The measurement plan describes the number and time points of the measurements to be performed. To obtain comparable and objective measurements, the measurement conditions must be standardized. For example, clinical study measurements such as blood pressure must always be performed at the same time, in the same room, in the same position, with the same instrument, and by the same person. If there are differences, for example in the investigator, measuring instrument, analytical laboratory or recording time, it must be established that the measurements are in agreement (10, 13).

The type of scale used for the recorded parameter is also of decisive importance. Putting it simply, metric scales are superior to ordinal scales, which are superior to nominal scales. The type of scale is so important, as both descriptive statistics and statistical test procedures depend on it. Transformation from a higher to a lower scale type is in principle possible, although the converse is impossible. For example, the hemoglobin content may be determined with a metric scale (e.g. as g/dL). It can then be transformed to an ordinal scale (e.g. low, normal and high hemoglobin status), but not conversely.

Calculation of sample size
Whatever the study design, a calculation must be performed before the start of the study to estimate the necessary number of units of analysis (for example, patients) to answer the main study question (1416). This requires calculation of sample size, exploiting knowledge of the expected effect (for example, the clinically relevant difference) and its scatter (for example, standard deviation). These may be determined in preliminary studies or from published information. It is generally true that a large sample is required to discover a small difference. The sample must also be large if the scatter of the outcome parameter is large in the study groups. Sample size planning helps to ensure that the study is large enough, but not excessively large. The sample size is often restricted by the available time and/or by the budget. This is not in accordance with good scientific practice. If the sample is small, the power will also be low, bringing the risk that real differences will not be identified (16, 17). There are both ethical problems—stress to patients, possibly random allocation of therapy—and economic problems—financial, structural, and with regard to personnel—which make it difficult to justify a study which is either too large or not large enough (1619). The research worker has to consider whether alternative procedures might be possible, such as increasing the time available, the personnel or the funding, or whether a multicenter study should be performed in collaboration with colleagues.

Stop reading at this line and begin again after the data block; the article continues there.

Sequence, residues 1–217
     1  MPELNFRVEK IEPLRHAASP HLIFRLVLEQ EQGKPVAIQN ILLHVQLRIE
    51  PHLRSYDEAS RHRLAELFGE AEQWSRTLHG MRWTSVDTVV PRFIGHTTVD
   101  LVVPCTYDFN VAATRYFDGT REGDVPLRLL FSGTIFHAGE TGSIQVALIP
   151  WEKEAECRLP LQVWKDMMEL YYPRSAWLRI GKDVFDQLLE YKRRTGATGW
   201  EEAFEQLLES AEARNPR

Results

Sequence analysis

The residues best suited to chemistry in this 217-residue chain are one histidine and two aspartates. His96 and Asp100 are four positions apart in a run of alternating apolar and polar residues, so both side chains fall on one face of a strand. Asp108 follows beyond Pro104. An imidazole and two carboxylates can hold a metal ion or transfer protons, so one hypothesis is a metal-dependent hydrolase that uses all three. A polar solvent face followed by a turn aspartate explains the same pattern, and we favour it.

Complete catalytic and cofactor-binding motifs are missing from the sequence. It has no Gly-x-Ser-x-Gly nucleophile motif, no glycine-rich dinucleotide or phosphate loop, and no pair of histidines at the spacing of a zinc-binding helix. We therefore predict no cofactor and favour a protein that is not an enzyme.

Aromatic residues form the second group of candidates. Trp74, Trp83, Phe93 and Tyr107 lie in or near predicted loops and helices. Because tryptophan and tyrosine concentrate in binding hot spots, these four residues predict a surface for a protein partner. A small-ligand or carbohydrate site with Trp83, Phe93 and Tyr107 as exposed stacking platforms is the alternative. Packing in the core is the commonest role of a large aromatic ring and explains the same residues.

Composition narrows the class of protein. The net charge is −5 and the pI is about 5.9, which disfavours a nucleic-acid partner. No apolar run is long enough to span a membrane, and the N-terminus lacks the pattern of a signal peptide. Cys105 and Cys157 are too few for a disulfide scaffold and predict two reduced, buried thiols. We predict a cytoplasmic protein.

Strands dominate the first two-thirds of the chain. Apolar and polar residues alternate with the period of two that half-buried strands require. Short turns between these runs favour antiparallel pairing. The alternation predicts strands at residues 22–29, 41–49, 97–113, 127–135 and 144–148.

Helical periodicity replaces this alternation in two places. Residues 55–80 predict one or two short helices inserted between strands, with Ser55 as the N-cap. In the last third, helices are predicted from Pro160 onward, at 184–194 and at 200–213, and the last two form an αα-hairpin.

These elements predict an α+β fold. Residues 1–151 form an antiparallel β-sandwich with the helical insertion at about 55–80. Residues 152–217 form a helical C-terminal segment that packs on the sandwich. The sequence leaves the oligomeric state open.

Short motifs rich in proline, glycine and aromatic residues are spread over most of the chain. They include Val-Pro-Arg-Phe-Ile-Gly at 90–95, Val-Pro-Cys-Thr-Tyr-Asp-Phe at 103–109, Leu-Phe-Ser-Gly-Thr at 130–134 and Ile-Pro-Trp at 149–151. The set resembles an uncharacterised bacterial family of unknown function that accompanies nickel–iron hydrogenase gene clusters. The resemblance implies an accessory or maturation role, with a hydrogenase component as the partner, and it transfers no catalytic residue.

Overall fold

Discussion
Planning, performance, documentation, analysis, and publication are the component parts of medical studies (1, 2). Study design is of decisive importance in planning. This not only lays down the statistical analysis, but also ultimately the reliability of the conclusions and the significance and implementation of the study results (2). A six point checklist can be used for the rapid evaluation of the study design (table 2 gif ppt).

According to Sackett, about two thirds of 56 typical errors in studies are connected to errors in design and performance (20). This cannot be corrected once the data have been collected. This makes the study less convincing. As a consequence, the design must be precisely planned before starting the study and this must be laid down in the study protocol. This requires a great deal of time.